Senate Plans to Take First Vote on Debt Deal, House to Follow

Speaker of the House John Boehner arrives at the Capitol for the day October 16, 2013 on Capitol Hill in Washington, DC.
National Journal
Billy House
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Billy House
Oct. 16, 2013, 5:08 a.m.

Speak­er John Boehner will al­low the House to take the vote Wed­nes­day on a Sen­ate-pre­pared agree­ment to lift the debt ceil­ing and end 16 days of shuttered fed­er­al gov­ern­ment — though many of his con­ser­vat­ive House col­leagues don’t sup­port the meas­ure.

Such a move by Boehner comes as the ad­min­is­tra­tion’s Thursday dead­line for hik­ing the na­tion’s $16.7 tril­lion bor­row­ing cap is less than 24 hours away. Boehner has said he would do everything he can to keep the na­tion from de­fault.

The House had been ex­pec­ted to vote pri­or to the Sen­ate on the meas­ure as a way around some of the pro­ced­ur­al hurdles that could have been put up in the Sen­ate, un­der an earli­er strategy hatched by Sen­ate and House lead­ers.

But up­dated plans are for the Sen­ate to now go first as early as Wed­nes­day af­ter­noon or early even­ing—with the House to fol­low with a vote in the even­ing.

Help­ing to smooth the way for the Sen­ate to take that ini­tial ac­tion was Sen. Ted Cruz, R-Texas, who told re­port­ers Wed­nes­day that he would not at­tempt to block the meas­ure.

The 233 House Re­pub­lic­ans are ex­pec­ted to gath­er be­hind closed doors at 3 p.m. to hear their lead­er ex­plain why and how he in­tends to bring the meas­ure to the floor in that cham­ber— and where the party’s ef­forts on fisc­al is­sues might go from there.

For now, Boehner’s of­fice of­fi­cially says there is no fi­nal de­cision on a plan that would re­quire most Demo­crats to join with a couple dozen mod­er­ate and oth­er Re­pub­lic­ans to pass the bill. “No de­cision has been made about how or when a po­ten­tial Sen­ate agree­ment could be voted on in the House,” said a Boehner spokes­man, Mi­chael Steel.

But oth­er law­makers and aides say a vote will oc­cur Wed­nes­day. And Minor­ity Lead­er Nancy Pelosi and her House Demo­crats are viewed as crit­ic­al to get­ting the ini­tial pas­sage of the meas­ure in the House.

“Boehner will need Pelosi votes,” said one seni­or Demo­crat­ic aide who is fa­mil­i­ar with what he de­scribed as the cross-party ne­go­ti­ations that have been oc­cur­ring Wed­nes­day morn­ing. “Demo­crats will be united,” an­oth­er seni­or Demo­crat­ic lead­er­ship aide said, in­dic­at­ing that most of the 200 House Demo­crats are on board with the plan.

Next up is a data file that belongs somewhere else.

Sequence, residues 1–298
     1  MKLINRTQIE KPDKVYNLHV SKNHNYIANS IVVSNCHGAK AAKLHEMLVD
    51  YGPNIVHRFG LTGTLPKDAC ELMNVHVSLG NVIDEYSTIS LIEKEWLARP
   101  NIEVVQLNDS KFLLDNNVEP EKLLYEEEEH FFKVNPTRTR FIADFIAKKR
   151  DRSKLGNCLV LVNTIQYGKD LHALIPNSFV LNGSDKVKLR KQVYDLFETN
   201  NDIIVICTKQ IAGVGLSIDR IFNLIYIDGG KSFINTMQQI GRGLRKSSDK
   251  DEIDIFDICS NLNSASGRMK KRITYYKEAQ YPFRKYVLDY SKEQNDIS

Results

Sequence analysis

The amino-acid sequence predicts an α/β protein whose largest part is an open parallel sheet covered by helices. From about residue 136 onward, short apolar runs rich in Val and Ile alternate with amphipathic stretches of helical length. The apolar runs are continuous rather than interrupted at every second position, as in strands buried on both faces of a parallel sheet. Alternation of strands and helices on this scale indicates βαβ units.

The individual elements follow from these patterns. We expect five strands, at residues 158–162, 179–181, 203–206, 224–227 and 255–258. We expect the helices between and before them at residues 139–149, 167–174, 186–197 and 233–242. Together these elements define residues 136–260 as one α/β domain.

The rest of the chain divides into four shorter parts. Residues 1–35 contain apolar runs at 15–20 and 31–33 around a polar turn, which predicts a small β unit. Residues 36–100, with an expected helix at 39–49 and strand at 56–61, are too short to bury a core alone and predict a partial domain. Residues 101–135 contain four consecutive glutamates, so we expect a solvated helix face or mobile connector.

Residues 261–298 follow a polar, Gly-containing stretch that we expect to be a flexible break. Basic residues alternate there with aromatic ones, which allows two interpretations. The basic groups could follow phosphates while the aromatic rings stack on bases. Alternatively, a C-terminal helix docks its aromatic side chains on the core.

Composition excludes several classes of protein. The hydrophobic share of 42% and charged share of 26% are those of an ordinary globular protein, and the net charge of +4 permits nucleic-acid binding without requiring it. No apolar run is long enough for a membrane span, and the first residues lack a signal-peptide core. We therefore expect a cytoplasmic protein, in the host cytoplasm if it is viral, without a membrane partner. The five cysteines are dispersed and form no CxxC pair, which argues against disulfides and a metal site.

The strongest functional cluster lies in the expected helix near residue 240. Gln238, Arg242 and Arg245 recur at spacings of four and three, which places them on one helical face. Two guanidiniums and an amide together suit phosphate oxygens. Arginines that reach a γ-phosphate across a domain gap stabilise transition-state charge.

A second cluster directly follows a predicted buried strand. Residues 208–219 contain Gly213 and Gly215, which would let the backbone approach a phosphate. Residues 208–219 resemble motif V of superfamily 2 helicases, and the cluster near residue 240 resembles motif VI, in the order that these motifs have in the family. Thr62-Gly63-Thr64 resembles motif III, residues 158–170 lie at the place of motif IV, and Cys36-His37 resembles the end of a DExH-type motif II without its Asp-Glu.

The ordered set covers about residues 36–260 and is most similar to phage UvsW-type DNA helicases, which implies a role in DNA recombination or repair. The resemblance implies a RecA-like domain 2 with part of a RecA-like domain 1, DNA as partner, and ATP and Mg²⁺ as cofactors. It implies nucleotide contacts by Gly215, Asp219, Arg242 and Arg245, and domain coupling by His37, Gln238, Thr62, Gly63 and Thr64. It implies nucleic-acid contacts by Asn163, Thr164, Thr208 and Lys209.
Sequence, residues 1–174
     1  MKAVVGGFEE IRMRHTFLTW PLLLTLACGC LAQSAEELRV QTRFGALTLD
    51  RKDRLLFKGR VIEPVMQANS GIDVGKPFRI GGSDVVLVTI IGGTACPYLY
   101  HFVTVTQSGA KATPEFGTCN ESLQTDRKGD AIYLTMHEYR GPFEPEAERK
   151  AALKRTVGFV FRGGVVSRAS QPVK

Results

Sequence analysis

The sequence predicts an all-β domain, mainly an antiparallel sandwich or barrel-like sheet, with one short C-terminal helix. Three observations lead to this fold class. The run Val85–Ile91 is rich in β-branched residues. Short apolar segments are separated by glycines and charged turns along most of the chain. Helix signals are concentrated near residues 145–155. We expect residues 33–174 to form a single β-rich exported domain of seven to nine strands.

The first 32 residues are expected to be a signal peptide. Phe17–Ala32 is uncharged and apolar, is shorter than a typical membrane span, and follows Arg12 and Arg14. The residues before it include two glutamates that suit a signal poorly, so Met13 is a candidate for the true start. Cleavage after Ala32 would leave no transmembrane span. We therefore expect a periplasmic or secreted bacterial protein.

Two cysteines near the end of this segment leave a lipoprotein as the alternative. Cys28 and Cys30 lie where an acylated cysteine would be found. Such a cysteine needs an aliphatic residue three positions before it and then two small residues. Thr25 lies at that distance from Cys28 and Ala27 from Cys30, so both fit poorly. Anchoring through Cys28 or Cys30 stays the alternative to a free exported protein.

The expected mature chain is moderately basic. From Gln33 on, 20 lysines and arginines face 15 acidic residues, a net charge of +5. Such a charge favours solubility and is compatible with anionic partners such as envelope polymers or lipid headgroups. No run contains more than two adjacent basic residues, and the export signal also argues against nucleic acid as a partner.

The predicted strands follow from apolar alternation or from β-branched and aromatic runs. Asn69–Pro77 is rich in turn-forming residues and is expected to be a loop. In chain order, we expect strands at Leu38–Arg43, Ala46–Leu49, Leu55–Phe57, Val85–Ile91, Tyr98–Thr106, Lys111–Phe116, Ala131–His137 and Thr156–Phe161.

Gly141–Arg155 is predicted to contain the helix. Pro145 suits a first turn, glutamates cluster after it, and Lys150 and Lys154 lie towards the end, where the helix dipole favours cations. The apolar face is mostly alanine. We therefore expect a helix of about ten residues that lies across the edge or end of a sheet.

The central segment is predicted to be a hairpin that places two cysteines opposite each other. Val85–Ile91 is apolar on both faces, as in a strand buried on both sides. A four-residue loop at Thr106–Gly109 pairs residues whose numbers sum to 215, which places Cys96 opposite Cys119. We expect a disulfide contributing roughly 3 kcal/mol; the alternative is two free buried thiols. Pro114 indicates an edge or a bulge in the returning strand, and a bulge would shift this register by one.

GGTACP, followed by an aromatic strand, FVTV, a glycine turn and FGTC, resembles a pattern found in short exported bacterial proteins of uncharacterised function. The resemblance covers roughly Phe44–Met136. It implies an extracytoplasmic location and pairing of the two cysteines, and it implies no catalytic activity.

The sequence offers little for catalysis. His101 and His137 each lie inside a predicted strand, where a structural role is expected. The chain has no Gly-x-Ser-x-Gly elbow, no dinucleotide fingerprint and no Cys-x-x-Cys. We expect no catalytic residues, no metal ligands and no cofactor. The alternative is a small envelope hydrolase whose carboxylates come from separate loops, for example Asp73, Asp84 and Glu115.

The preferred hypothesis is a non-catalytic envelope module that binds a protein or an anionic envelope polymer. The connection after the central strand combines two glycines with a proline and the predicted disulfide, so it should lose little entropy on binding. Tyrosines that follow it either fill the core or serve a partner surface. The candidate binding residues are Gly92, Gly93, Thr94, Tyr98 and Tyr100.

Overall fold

The Sen­ate-pre­pared deal will al­low an ex­ten­sion of the debt lim­it un­til Feb. 7, sub­ject to a con­gres­sion­al dis­ap­prov­al pro­cess sim­il­ar to what was in­cluded in the Budget Con­trol Act of 2011. Un­der that lan­guage, if the debt in­crease is not ap­proved in both cham­bers — or is ve­toed by the pres­id­ent and is not over­rid­den — the debt lim­it would in­crease.

The meas­ure also in­cludes lan­guage to re­open gov­ern­ment un­til Jan. 15 by re­start­ing fund­ing at cur­rent levels through Jan. 15.

There also is in­cluded an agree­ment for the House and Sen­ate to go to a budget con­fer­ence, and back­pay for fur­loughed fed­er­al work­ers. The meas­ure also would re­quire what is de­scribed by seni­or Demo­crat­ic aides as “con­firm­a­tion of the ef­fect­ive­ness of ex­ist­ing in­come veri­fic­a­tion pro­cesses for those re­ceiv­ing gov­ern­ment sub­sidies” for health care un­der the Af­ford­able Care Act.

Wheth­er Boehner might ul­ti­mately face the wrath of hard­line mem­bers of his Re­pub­lic­an con­fer­ence for al­low­ing sucha vote a Sen­ate-pre­pared bill to re­solve the debt ceil­ing and gov­ern­ment shut­down is open for de­bate. But Demo­crat­ic Rep. John Yar­muth of Ken­tucky is among those provid­ing glow­ing en­dorse­ments for he sees as polit­ic­al bravery by Boehner.

“Today, he is my hero,” said Yar­muth, stand­ing out­side of the House cham­ber.

The de­cision to move ahead with the Sen­ate bill on Wed­nes­day comes after a House GOP meas­ure that Boehner un­veiled to his mem­bers Tues­day un­raveled through the day be­cause of vari­ous ob­jec­tions, mostly from con­ser­vat­ives.

After passing the bill, House GOP lead­ers will al­low mem­bers to ad­journ for the rest of the week — and pos­sibly in­to early next week - ac­cord­ing to law­makers and con­gres­sion­al aides fa­mil­i­ar with the plans.

But once that hap­pens, House mem­bers will be giv­en the green light to leave — and get star­ted on spin­ning what’s just happened to con­stitu­ents back home in their dis­tricts.

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